Stock at the scouting combine is a difficult thing to quantify. Whether a player rises or falls in the eyes of the scouting proletariat is dependent in an infinite number of things, and anything – mental or physical, emotional or spiritual – can trip them up along the way. No matter how well anyone does here, the NFL's personnel minds will always head back to their facilities from Indianapolis and turn on the game tape right away.
That's where most of the questions are answered, though the usefulness of combine drills varies per position and per player. Here are eight players who, for whatever reason, got back on the planes to their hometowns with a fall in several draft boards, and a lot to work on before their pro days.
Ryan Mallett, QB Arkansas – Mallett didn't hurt himself on the Lucas Oil Stadium field. He threw the ball, which is the one thing he can do without any problem. But his evasive nature in front of the media when it came to the continued questions about his alleged drug use and overall character was unnecessary and self-destructive. Even if he doesn't have a legitimate strike against him from a character perspective, Mallett's attitude – matched up with his iffy game tape at times – could be a ticket to the second round.
Andy Dalton, QB, TCU – People like Dalton because he won a lot at TCU and he's done well in key games, but his throwing performance at the combine reflected what I saw at the Senior Bowl. His stats inflated in a spread offense, Dalton has proven unable to make consistently forceful throws into narrow windows, even at the intermediate level.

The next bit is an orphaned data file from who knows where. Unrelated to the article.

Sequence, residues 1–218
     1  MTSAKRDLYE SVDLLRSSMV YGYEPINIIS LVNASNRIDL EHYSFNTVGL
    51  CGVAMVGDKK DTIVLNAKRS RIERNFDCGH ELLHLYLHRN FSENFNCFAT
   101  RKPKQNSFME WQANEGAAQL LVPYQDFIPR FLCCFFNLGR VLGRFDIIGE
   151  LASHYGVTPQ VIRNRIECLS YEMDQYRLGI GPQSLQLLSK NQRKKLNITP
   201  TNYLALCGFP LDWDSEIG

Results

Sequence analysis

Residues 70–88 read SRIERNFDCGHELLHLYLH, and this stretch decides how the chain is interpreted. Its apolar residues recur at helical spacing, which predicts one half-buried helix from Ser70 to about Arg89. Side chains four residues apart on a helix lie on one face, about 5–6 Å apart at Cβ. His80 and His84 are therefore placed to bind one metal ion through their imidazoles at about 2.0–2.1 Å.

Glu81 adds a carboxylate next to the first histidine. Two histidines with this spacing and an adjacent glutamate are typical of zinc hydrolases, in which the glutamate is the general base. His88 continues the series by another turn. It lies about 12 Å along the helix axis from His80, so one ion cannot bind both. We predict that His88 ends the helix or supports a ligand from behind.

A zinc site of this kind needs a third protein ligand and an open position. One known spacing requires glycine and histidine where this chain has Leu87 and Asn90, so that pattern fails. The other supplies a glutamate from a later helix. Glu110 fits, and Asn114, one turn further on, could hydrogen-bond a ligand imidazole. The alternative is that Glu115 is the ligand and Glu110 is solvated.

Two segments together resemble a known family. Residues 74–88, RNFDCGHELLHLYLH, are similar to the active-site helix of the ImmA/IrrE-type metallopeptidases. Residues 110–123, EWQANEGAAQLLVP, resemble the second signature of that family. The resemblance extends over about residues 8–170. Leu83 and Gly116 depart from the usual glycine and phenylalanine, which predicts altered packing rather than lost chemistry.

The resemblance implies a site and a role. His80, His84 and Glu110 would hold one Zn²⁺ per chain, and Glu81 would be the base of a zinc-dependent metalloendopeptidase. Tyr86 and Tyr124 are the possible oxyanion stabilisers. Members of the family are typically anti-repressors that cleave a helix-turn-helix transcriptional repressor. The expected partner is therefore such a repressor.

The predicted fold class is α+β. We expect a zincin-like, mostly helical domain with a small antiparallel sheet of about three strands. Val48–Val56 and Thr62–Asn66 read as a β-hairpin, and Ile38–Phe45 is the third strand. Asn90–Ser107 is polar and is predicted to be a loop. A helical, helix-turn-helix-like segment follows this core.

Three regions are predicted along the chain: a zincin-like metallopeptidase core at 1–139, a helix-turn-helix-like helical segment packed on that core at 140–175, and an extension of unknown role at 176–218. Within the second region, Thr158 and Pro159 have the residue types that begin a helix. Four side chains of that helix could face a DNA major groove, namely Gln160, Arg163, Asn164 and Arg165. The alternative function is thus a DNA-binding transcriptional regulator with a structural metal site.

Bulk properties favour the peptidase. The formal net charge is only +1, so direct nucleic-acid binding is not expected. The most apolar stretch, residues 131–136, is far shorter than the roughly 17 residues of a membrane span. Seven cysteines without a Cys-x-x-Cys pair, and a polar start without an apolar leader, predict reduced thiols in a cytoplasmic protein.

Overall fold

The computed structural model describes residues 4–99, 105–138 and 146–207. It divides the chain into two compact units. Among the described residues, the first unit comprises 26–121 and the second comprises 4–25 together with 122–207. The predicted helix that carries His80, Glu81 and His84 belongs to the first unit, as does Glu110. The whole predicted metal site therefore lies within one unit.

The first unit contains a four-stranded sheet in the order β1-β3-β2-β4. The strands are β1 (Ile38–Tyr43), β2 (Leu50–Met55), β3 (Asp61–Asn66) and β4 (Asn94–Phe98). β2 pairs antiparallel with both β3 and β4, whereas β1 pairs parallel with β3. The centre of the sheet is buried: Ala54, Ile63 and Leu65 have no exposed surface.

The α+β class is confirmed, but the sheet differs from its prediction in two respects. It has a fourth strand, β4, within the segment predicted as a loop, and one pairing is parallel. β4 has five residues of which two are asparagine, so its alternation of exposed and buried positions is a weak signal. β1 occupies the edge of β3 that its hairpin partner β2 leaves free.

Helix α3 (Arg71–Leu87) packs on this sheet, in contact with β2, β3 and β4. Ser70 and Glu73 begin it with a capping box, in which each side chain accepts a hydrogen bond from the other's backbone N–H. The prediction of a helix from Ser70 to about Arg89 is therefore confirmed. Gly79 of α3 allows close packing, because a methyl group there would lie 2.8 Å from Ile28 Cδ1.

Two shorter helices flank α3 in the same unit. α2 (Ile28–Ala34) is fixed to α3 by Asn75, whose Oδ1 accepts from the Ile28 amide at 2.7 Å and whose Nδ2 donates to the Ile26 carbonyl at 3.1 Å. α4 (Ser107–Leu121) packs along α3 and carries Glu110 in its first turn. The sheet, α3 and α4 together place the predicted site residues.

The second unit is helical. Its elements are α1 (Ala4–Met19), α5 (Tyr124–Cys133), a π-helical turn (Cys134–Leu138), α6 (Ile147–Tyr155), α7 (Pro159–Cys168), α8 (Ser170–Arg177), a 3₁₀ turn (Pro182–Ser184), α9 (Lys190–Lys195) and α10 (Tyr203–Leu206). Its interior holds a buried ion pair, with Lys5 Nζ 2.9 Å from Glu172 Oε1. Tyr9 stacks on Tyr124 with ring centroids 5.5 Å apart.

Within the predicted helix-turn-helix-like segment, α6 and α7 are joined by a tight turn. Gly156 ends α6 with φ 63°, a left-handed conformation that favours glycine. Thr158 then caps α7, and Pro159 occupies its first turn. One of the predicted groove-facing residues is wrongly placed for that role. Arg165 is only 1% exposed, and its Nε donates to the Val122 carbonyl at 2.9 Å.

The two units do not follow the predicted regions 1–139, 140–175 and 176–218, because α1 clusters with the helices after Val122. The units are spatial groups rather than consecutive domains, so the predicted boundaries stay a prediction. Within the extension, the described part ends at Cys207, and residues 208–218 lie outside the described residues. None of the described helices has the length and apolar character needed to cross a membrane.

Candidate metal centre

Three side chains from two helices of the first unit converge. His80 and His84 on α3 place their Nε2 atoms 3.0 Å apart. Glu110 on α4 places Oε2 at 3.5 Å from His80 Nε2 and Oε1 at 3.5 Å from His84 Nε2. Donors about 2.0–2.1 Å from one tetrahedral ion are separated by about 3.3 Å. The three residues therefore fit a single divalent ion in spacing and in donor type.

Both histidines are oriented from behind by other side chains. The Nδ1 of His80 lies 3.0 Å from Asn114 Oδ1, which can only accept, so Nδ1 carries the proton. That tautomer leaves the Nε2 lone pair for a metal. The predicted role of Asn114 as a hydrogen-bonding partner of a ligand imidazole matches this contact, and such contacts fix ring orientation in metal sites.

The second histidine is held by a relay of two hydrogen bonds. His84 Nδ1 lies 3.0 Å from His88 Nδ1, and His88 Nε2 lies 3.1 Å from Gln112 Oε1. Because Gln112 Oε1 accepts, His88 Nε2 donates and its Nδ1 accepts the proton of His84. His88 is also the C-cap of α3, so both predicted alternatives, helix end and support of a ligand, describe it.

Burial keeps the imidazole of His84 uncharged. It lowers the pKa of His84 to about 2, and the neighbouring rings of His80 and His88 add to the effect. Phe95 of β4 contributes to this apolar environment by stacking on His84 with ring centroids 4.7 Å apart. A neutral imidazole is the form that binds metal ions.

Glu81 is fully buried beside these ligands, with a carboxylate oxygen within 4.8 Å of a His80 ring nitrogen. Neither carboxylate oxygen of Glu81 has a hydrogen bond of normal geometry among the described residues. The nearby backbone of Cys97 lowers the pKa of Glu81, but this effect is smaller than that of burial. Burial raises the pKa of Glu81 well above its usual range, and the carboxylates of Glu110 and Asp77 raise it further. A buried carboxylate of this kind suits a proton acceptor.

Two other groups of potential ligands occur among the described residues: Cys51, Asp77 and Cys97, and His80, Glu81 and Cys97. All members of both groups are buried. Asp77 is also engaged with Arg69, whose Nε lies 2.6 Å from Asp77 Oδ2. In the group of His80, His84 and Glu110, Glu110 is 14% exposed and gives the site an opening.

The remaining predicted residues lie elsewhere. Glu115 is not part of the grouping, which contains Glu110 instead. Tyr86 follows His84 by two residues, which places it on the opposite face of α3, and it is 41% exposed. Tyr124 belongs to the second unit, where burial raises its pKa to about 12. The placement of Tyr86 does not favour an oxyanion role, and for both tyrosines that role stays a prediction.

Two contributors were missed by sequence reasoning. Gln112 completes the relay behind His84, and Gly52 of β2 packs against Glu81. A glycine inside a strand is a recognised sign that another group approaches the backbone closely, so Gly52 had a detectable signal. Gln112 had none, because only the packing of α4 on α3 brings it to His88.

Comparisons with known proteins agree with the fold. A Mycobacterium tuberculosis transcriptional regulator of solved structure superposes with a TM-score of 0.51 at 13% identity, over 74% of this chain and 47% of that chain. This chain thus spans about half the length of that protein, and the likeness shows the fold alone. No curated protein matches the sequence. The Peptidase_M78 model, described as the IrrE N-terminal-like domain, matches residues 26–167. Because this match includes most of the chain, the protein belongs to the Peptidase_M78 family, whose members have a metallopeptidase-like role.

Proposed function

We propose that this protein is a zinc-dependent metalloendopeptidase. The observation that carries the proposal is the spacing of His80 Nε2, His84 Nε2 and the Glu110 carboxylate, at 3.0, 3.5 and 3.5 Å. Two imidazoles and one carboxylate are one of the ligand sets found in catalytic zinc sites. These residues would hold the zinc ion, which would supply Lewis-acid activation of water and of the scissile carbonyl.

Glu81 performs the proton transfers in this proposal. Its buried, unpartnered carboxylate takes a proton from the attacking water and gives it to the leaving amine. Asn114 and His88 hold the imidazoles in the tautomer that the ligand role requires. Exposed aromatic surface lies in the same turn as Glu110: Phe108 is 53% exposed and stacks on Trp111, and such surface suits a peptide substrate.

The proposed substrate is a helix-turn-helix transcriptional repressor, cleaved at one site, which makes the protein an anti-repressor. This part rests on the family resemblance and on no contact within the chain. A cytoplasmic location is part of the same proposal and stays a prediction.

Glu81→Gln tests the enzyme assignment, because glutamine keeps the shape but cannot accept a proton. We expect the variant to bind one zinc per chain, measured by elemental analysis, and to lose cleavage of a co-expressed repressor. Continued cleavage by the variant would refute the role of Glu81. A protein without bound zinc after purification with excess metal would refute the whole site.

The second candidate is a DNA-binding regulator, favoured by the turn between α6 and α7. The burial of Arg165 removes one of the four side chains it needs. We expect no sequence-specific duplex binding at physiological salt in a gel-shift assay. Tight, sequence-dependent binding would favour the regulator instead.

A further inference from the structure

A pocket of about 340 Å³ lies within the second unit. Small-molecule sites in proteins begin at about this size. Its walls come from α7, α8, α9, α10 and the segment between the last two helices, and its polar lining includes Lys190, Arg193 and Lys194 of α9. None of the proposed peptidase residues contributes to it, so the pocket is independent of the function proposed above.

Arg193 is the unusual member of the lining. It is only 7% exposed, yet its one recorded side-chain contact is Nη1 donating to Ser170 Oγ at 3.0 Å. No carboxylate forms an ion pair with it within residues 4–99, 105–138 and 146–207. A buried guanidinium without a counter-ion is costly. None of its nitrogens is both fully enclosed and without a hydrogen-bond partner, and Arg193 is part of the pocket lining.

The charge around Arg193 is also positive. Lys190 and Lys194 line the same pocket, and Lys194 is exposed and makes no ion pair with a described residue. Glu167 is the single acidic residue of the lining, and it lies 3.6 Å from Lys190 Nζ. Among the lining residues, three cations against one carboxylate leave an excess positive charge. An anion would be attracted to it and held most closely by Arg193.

Ricky Stanzi, QB, Iowa – Like Dalton, Stanzi failed to dig his way out of an indifferent Senior Bowl performance. He struggled with accuracy and consistent velocity, and he was even less on target than Dalton. In Mobile and in Indy, Stanzi consistently came up short on simple throws, elevating concern about his ability to do more than carry a clipboard in the NFL.
Jacquizz Rodgers, RB, Oregon State – Rodgers has always been a dynamic player; his size (5-foot-6, 196 pounds) is less a concern than you might think once you watch him play. But for the people wondering if he might be the next Dexter McCluster(notes), Rodgers' 4.64 40-yard dash raised a lot of red flags, and his 33-inch vertical jump will make some wonder if he's explosive enough to hold up in the pros.
Ras-I Dowling, CB, Virginia – Dowling was thought to be a potential first-round pick in 2009, but a series of injuries have derailed him since. It was the same at the combine, where he was in the process of running a 4.44 40-yard dash when he pulled up with a hamstring injury, leaving him out for the rest of the drills. Dowling has a lot of talent, but if he can't clear medicals and prove to be healthy, his draft stock will fall precipitously.
Jon Baldwin, WR, Pitt – In college, Baldwin was known as a first-round player with mental lapses and consistency issues, and that carried over to the combine, where he lapsed in his routes and lost efficiency in certain drills. From a pure tools perspective, Baldwin has what it takes to succeed in the league, but the question marks could very well keep him out of the first round.
Torrey Smith, WR, Maryland – A straight-line receiver with surprising toughness, Smith nonetheless looked very rough and raw in the drills, losing his footing on more than one cut in the cone drills and losing speed and momentum on several routes.
Ahmad Black, S, Florida – Black had undeniable ball skills at Florida, but he went into the combine with one big question: how will a 5-foot-10, 184-pound safety succeed in the NFL? If he has 4.4 speed, the answer probably lies somewhere near the nickel back position. But when Black ran a 4.78, he looked a lot like a player too small for one position and too slow for another.